A bright red AstroTurf field intersected by prismatic geometries fills the center of a massive room like a modernist rug. Above, a three-sided jumbotron hanging at midfield and four LED screens at the corners broadcast a five-channel, hour-long video that keeps time with cuts to a play clock. Next to the field, a simulacrum of an announcers booth bears silent witness, with a storyboard of photos and archival materials arranged on an interior wall. Nearby, a rectangular trench cut into the floor reveals engineered strata and toxic sludge below. This is Matthew Barney’s new installation, Secondary (2023), shot in his Long Island City studio and now on view there.
In American football, the secondary is a group of defenders who play furthest from the line of scrimmage, targeting opponents who make it past the primary defenders. On August 12, 1978, the most feared of the Oakland Raiders secondary, Jack “The Assassin” Tatum, delivered a shattering hit on New England Patriots wide receiver Darryl Stingley, rendering Stingley paralyzed from the neck down and initiating NFL reforms regulating on-field conduct. This moment of impact and broader choreographies of masculine violence and transformation are the subjects of Secondary.
Recruited to Yale in 1985 to play football, Barney was a star athlete before he was a star artist. His early Drawing Restraint work (1987–ongoing) developed a performance art practice from athletic approaches to movement and strength training rooted in rupture. Physical restraints and the push and pull of body and architecture are throughlines from the artist’s collegiate work to his most recent production. In both, Barney breaks something in order to make something. For the publication that accompanies Secondary, Barney recalls his earliest memories of football practice in Boise, Idaho. Lined up in opposing groups, the teenaged boys were instructed to run at each other and ram helmets. “I remember seeing stars walking back to the end of the line, and I couldn’t wait to do it again,” the artist reminisces, before noting that “recent research into athletic head injury and the consequence of repeated micro-concussion makes those memories more complicated.”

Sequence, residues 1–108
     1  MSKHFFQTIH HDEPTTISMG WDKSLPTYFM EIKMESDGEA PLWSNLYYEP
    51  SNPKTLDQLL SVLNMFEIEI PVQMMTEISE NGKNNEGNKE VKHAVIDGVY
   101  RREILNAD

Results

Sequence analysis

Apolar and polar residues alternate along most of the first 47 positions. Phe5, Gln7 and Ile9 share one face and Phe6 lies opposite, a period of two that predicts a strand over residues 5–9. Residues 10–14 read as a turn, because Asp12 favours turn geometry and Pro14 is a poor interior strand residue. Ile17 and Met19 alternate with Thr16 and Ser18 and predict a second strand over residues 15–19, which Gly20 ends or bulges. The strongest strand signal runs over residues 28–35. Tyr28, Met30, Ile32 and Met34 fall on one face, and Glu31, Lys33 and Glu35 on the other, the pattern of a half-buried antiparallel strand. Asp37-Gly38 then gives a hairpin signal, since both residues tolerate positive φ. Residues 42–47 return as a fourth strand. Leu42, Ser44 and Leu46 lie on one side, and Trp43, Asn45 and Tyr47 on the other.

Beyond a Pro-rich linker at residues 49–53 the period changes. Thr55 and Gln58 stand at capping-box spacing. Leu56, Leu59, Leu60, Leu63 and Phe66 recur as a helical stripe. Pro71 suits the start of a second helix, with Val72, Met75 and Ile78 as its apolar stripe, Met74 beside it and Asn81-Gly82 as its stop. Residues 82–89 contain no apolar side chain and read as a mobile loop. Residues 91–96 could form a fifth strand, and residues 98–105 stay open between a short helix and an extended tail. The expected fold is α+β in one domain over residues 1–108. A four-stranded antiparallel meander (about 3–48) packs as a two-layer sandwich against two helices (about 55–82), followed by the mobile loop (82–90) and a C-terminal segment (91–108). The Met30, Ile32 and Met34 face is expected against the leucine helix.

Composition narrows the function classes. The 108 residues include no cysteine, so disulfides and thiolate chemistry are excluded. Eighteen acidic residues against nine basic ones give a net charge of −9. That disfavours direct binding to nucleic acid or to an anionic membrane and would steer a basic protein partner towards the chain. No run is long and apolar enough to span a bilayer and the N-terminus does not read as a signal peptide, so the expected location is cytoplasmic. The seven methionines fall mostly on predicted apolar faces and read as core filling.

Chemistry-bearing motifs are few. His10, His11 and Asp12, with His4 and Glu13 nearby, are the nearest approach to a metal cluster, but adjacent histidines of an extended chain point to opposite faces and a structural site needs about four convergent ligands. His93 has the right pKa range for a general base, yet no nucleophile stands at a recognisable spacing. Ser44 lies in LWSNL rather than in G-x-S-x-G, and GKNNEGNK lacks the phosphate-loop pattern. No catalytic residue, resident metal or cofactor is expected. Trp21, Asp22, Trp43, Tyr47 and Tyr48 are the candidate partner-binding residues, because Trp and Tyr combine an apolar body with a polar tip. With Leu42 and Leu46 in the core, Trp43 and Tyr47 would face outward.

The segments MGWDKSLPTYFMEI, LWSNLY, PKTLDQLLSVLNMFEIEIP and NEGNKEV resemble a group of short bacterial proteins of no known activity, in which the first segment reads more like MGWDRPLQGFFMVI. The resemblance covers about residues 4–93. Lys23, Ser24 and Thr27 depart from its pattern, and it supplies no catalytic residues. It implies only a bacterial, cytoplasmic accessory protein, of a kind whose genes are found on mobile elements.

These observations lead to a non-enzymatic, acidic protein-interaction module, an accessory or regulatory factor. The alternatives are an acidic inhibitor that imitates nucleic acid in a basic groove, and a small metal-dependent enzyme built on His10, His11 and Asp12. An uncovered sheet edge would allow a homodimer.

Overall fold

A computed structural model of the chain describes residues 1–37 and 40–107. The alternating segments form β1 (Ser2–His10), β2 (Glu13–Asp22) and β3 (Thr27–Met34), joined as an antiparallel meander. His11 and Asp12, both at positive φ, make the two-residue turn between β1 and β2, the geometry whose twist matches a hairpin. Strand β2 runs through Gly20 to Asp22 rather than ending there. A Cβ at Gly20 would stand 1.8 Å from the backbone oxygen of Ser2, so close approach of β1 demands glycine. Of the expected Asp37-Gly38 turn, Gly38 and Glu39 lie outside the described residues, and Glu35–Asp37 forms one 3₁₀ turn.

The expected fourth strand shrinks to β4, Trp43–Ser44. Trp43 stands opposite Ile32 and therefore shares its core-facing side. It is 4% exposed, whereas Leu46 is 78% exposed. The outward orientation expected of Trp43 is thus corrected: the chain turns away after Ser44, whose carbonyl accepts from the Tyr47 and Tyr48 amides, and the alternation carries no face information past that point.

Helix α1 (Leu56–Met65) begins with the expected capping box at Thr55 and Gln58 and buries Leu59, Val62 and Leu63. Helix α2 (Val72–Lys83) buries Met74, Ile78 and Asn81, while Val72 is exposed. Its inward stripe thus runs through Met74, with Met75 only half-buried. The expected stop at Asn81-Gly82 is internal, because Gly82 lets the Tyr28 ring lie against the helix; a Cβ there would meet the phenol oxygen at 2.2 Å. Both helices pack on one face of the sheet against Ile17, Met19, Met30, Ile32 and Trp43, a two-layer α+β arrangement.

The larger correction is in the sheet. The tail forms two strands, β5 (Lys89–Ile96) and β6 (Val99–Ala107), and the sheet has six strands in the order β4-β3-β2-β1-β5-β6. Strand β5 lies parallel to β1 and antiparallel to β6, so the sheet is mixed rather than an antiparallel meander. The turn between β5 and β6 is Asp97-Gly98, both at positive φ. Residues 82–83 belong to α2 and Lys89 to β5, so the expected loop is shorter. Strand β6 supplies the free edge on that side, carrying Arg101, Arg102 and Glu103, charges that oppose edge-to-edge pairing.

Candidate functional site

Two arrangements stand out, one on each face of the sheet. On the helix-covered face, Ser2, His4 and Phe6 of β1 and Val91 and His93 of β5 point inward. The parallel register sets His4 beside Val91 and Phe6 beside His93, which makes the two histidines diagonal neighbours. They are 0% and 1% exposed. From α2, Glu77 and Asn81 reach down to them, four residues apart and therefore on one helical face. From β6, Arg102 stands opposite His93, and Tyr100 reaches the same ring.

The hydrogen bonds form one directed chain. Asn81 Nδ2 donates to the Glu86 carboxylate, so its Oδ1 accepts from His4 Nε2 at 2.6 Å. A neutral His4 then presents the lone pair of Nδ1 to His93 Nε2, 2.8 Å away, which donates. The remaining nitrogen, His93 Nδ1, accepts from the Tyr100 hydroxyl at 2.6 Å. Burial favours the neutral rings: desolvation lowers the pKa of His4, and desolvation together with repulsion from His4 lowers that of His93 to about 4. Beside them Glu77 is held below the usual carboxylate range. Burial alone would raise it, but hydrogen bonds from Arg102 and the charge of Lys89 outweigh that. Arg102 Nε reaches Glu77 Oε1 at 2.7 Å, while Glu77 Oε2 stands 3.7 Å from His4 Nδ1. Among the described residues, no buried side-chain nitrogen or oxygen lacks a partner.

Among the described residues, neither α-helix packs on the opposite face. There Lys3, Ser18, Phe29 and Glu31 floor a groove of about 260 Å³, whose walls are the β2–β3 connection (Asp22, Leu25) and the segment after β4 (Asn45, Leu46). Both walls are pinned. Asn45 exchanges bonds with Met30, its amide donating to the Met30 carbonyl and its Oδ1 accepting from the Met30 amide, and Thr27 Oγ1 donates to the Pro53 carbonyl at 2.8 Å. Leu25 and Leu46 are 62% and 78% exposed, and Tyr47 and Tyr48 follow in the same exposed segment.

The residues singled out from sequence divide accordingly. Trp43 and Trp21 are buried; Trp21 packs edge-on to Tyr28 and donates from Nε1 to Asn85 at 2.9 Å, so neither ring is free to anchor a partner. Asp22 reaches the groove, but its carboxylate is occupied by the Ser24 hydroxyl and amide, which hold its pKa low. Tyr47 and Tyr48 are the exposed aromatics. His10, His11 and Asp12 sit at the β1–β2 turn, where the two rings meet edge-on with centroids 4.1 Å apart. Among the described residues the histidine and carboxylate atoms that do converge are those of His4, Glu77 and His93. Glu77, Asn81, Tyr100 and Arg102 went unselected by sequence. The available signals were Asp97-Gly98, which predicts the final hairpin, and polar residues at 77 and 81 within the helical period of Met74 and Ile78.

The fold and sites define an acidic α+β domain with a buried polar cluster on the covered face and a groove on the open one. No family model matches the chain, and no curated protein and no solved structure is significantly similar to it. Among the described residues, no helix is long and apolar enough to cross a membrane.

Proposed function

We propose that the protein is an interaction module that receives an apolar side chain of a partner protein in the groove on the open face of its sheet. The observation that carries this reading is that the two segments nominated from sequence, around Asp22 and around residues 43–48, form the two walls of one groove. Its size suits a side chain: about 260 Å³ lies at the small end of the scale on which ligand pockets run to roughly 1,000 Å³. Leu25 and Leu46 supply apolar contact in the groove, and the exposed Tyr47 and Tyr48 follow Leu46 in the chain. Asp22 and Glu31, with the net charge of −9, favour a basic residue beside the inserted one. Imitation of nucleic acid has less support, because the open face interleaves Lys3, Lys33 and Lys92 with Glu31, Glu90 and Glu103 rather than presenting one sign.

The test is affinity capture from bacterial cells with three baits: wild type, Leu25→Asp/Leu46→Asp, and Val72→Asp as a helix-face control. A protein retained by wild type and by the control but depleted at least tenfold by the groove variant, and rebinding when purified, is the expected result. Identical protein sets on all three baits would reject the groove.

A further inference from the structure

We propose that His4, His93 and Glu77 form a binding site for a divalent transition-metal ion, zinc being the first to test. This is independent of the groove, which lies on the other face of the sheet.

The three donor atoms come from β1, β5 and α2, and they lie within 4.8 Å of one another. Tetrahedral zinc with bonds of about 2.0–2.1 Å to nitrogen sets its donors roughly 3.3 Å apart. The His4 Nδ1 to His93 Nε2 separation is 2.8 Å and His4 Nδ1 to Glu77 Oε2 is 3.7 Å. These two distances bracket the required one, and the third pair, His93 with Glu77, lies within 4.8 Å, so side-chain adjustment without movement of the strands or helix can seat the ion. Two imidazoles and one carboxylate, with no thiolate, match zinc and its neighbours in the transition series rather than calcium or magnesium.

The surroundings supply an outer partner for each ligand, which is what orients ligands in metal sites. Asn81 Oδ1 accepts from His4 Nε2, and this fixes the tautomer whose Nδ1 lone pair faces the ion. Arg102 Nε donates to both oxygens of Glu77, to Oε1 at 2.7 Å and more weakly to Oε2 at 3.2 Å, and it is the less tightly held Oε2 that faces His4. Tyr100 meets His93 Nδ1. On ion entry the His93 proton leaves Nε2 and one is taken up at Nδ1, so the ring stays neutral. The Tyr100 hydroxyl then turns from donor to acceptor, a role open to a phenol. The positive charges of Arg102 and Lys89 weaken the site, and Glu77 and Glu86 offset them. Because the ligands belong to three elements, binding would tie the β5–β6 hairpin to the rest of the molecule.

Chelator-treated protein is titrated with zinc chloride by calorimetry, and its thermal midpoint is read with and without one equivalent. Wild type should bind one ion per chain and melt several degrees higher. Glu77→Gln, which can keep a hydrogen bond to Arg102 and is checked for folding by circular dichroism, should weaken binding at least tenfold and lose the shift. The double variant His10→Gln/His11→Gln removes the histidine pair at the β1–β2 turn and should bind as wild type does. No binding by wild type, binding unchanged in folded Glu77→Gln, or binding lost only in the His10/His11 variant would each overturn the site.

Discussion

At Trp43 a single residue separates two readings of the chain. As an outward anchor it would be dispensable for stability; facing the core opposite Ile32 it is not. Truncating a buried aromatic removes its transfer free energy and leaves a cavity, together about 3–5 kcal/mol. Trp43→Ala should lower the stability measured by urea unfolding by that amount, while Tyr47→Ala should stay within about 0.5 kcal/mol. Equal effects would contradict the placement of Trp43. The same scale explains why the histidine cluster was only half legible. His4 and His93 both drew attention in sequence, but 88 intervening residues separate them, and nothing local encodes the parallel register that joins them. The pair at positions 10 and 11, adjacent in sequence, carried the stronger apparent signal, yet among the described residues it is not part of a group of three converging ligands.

The Cremaster Cycle (1994–2002) was Barney’s first cinematic foray into the pageantry and schematics of football and the male anatomy. Blending dance with competition and cosmogony, the earliest films were demented science fiction and madcap occultism, focused more on union and fusion than fracture. Here and in Secondary, Barney’s trademark “field emblem” figures prominently. An ellipse or pill form with a bisecting horizontal bar, the heterosemic pictograph is both orifice and closure, representing control over an organic system.
Secondary is a restaging of the Tatum-Stingley hit and a material-based choreography of fitness and madness where the studio is a central character. As with much of Barney’s work, exacting visions of the personal and mythological unfold alongside committed ball play. At Metrograph for a recent screening of Cremaster 4 + 1, the person next to me remarked on how gay the work is. Does focusing on sanitized testicles make the work gay? Initially considered queer for his transgressive use of Vaseline and high heels and for occasionally showing his genitals, Barney’s work can now be more easily understood as being about men rather than being gay. An unsilenced phone in the Cremaster screening rang out with the ESPN chime.
In Secondary, Barney himself plays Raiders quarterback Ken Stabler while legendary movement artists David Thomson and Raphael Xavier star as Stingley and Tatum, respectively. Barney as Stabler falls or otherwise bashes his skull in multiple scenes, and at one point takes out the soft plastic padding from the inside of his helmet and tapes it to the outside, causing impacts to be even more damaging. The quarterback-director-artist is fucked in the head, and the facepainted fans are screaming banshees. Raiders owner Al Davis is portrayed as a geriatric boogeyman, pushing a rusty walker around and smelting rage and muscular aspirations for undead devotees. Objects resembling barbells are cast in a bioplastic used in medicine to regrow bone, evoking injury and recuperation.
Materials common throughout Barney’s work (lead, aluminum, self-lubricating plastic, and terracotta) are all present. They bend, ooze, and break to extend the performers’ gestures and retain our attention on the uniquely American alchemy of extracting profit from pain and spectacle from violence.
Secondary runs through June 25 at Matthew Barney Studio. It is accompanied by screenings of The Cremaster Cycle at Metrograph, running through the week of June 5. Matthew Barney will be in conversation with the writer Maggie Nelson on June 4.